Top 7 Security Mistakes When Designing a Mobile App

Feb. 10, 2017
As transit systems embrace mobile apps as a new way of connecting with customers, it is crucial that they prioritize security.

Mobile apps — and in particular mobile-based payment systems — can be a double-edged sword for mass transit systems. While mobile apps offer new opportunities for riders and transit authorities, they may also increase the risks of hacking, identity theft, fraud, extortion and service disruption if not handled correctly.

Transit authorities must consider the full slate of risks with mobile apps before launching these products into the market. Attacks on mobile devices, apps and the back-end servers that run this software are increasingly common, and will continue to be a top target for cybercriminals. In fact, the majority of Internet security reports (McAfee, Symantec, TrendMicro, Kaspersky, Verizon, etc.) have noted a steady increase in mobile attacks and mobile malware since at least 2012, with most predicting this trend will worsen in the coming years as mobile technology becomes even more ubiquitous.

The risks to transit users should be obvious, not only because of the recent “ransomware” attack on the San Francisco Municipal Transportation Agency (SFMTA), but also due to the steady rise of high-profile attacks, fraud attempts and other problems with popular mobile apps in recent years, including Starbucks, Samsung’s LoopPay, Venmo and more.

Central to this threat is the failure of mobile app design, as security mistakes are rampant in the mobile development space. Consider NowSecure’s 2016 Mobile Security Report, which found that 25 percent of mobile apps include at least one high risk security flaw. Additionally, Symantec’s 2016 Internet Security Threat Report found a 214 percent increase in new mobile vulnerabilities since 2013.

For mass transit authorities, it is critical that they address these common security mistakes in order to protect their riders, as well as their own networks and systems, when making mobile apps available.

Here are seven security mistakes to avoid:

Failing to understand how the app puts users, devices and systems at risk.

The first step is to understand the full set of risks the transit authority and its customers may encounter through the mobile app. “Threat modeling” is an exercise that will help the organization to understand potential threats and attacks, allowing it to develop both mitigations and contingency measures up front.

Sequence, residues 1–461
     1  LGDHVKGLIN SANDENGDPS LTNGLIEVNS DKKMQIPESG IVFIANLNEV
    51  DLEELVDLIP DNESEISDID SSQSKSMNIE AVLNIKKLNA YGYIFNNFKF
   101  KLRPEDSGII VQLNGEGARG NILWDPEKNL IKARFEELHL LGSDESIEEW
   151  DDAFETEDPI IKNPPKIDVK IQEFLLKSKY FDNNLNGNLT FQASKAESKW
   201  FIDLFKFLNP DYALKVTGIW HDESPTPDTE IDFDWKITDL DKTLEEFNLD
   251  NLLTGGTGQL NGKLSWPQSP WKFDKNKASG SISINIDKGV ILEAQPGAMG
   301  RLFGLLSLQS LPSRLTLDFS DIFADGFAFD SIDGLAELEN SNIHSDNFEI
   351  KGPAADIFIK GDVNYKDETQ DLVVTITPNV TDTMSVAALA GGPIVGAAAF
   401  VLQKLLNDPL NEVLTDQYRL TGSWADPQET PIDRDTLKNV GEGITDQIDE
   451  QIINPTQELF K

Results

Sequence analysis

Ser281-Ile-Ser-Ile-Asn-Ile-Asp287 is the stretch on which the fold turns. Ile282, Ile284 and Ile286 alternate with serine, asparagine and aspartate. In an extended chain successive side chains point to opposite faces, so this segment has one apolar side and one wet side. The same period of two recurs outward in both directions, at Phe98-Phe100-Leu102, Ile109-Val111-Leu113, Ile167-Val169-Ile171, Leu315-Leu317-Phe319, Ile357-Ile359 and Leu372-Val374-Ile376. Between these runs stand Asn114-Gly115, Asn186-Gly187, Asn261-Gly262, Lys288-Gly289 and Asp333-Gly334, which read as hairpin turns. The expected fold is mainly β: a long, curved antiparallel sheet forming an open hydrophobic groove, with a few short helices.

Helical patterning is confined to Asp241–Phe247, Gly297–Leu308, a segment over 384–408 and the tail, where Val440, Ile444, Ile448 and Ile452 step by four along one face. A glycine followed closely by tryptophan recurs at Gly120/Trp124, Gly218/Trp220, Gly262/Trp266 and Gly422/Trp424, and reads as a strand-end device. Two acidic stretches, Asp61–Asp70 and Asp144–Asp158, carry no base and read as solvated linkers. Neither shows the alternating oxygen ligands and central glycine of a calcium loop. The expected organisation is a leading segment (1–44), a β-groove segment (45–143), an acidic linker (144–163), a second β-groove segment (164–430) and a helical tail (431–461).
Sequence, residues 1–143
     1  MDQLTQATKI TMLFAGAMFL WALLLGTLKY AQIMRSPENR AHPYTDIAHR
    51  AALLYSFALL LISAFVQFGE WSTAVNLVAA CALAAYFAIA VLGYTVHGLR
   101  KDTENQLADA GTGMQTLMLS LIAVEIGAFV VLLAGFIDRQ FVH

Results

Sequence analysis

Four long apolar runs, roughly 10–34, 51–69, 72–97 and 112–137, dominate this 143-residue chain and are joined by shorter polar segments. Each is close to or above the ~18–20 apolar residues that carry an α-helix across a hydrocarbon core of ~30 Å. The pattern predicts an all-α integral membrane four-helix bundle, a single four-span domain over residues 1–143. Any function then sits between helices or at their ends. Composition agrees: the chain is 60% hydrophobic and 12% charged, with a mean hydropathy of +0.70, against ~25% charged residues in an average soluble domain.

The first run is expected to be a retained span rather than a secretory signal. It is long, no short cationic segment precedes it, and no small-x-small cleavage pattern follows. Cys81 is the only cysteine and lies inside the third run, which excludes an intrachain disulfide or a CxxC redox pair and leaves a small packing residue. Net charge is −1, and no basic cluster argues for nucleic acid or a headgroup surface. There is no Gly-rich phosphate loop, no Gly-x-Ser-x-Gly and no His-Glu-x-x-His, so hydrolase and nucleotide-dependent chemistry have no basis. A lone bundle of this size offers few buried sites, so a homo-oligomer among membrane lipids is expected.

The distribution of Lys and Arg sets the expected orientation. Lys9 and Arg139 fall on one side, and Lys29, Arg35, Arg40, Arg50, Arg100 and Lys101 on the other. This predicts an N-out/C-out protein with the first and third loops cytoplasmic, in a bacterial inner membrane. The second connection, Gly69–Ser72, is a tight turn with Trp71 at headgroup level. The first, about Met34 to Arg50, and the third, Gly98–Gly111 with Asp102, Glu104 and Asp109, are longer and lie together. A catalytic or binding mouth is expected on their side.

Riders are primarily at risk of personally identifiable information (PII) theft, financial theft/fraud and credential theft (i.e., login and password). The transit system itself is at risk of attacks on the app’s back-end or cloud-based services, when attackers seek to steal data or disrupt services. Attacks such as denial-of-service, data theft, ransomware, and defacement are all possible, depending on the hacker’s motivations.

Not baking security into the app’s design.

Security often takes a backseat to other considerations like cost, usability, functionality and time-to-market when it comes to mobile app design.

This is the exact opposite of what should happen. Within the information security community, it is well known that an ad hoc and reactive security program (i.e., patching vulnerabilities instead of avoiding them in the first place) is more expensive than designing secure code from the start.

When designing an app, refer to the OWASP Top 10 list of mobile app vulnerabilities to make sure every single one of these is accounted for in planning and design. Additionally, consider using a Security Development Lifecycle (SDL) process to ensure the app’s code is secure by design, by default and in deployment.

Inadequate security testing.

Companies often fail to undertake rigorous security testing of a new app before making it public. These tests are necessary in all cases, even when security has been baked into the app.